Gun guidance for women choosing to carry - WMC Action News 5 - Memphis, Tennessee

Gun guidance for women choosing to carry

(Source: WMC Action News 5) (Source: WMC Action News 5)

Firearms trainers call it the rule of three.

Certified trainer Kristen Todd of Range USA in East Memphis said the rule covers 90 percent of confrontations involving a firearm. "They happen within three yards or less, they get off three rounds, and it's over in about three seconds," she said.

Three seconds.

Todd teaches her students surviving those three seconds starts with staying out of them in the first place. She calls that situational awareness.

"Criminals actually look for people, especially women, who are not paying attention," she said. "Stay away from looking down at the phone, ladies digging through a purse. Be alert, head on a swivel, looking around. If you're coming into your neighborhood, you need to be watching who is behind you. Is it a neighbor that you recognize? Is it a car that you don't recognize and therefore, you're not going to pull into the driveway? You're going to keep going."

If trouble actually makes it into your driveway, and you're confronted within the rule of three, Todd said before you pull that gun, you must be sure you've established intent, ability and jeopardy. That means you are certain the attacker has the intent and ability to harm you, and you can articulate that your life is indeed in jeopardy.

"You have to be able to say you were afraid for your life in that moment," she said. 

In those three seconds, Todd said a gun-owner with years of training can use two advanced techniques to survive:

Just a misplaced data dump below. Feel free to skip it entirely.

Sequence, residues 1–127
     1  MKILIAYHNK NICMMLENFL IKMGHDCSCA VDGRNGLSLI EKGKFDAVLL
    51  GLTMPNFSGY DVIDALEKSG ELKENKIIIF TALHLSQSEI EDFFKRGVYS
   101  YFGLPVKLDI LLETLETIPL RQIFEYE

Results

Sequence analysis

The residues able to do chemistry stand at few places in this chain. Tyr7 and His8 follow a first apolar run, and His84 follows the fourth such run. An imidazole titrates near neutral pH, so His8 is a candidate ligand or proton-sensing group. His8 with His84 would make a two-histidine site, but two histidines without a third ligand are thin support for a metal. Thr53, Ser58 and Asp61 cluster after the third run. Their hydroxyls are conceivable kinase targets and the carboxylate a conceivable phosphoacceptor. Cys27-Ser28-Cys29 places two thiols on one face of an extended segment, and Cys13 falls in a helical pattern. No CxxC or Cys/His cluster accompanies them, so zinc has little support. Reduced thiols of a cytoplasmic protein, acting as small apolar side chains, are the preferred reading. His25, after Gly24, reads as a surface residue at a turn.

* PALM-THRUST TO FACE/FIRE FROM GUARD POSITION (HIP). "If the attacker has his gun drawn, I could palm-strike him in the face to distract him and possibly cause injury to his nose, then draw and fire from (my hip). If I actually try to extend my gun out, I really don't have the time or distance to do that, and he could reach out and take the gun from me."

* PALM-THRUST TO GUN/FIRE FROM GUARD POSITION (HIP). "Another option is palm-thrust to the gun, hold it in (the attacker's stomach) as you draw (your gun) and fire from guard. I'm eliminating that gun being pointed at me in that moment."

Managing that moment -- those three seconds -- doesn't come naturally. It takes a commitment to repetitive training.

"They need to continue their training," Todd said. "They need to take (advanced) classes. They need to shoot about 50 rounds once a month to maintain that skill set. You learn those skills, and then you pull out those skills as you need them in that moment, based on the situation."

From 2010 through 2014, the Tennessee Department of Safety has issued more than a quarter of its handgun carry permits to women. Women have been issued an average of 29 percent of those permits, according to department data.

The data revealed a whopping 141 percent increase in the issuance or renewal of permits to Tennessee women between 2010 and 2013, from 24,450 to 58,833. Women 46 to 50 have been issued the largest increase in permits: a 128 percent increase in that age category from 2011 to 2013 (3,146 to 7,160).

The records also revealed a single-year decline in Tennessee women's permits from a high of 58,833 in 2013 to 38,485 total in 2014, a drop of 35 percent.

"We can't speculate on why there is an increase or decrease in the figures," said safety department Director of Communications Jennifer C. Donnals. "However, we do tend to see an increase in the overall number of permits issued during election years." 2012 was a presidential election year.

"And there was a dramatic increase in the overall number of permits issued after the Sandy Hook School shooting in December 2012, which could explain the increase from 2010 to 2013, but then the decrease from 2013 to 2014." A 20-year-old gunman killed 20 children and six adults at Sandy Hook Elementary School in Newtown, Connecticut, on Dec. 14, 2012.

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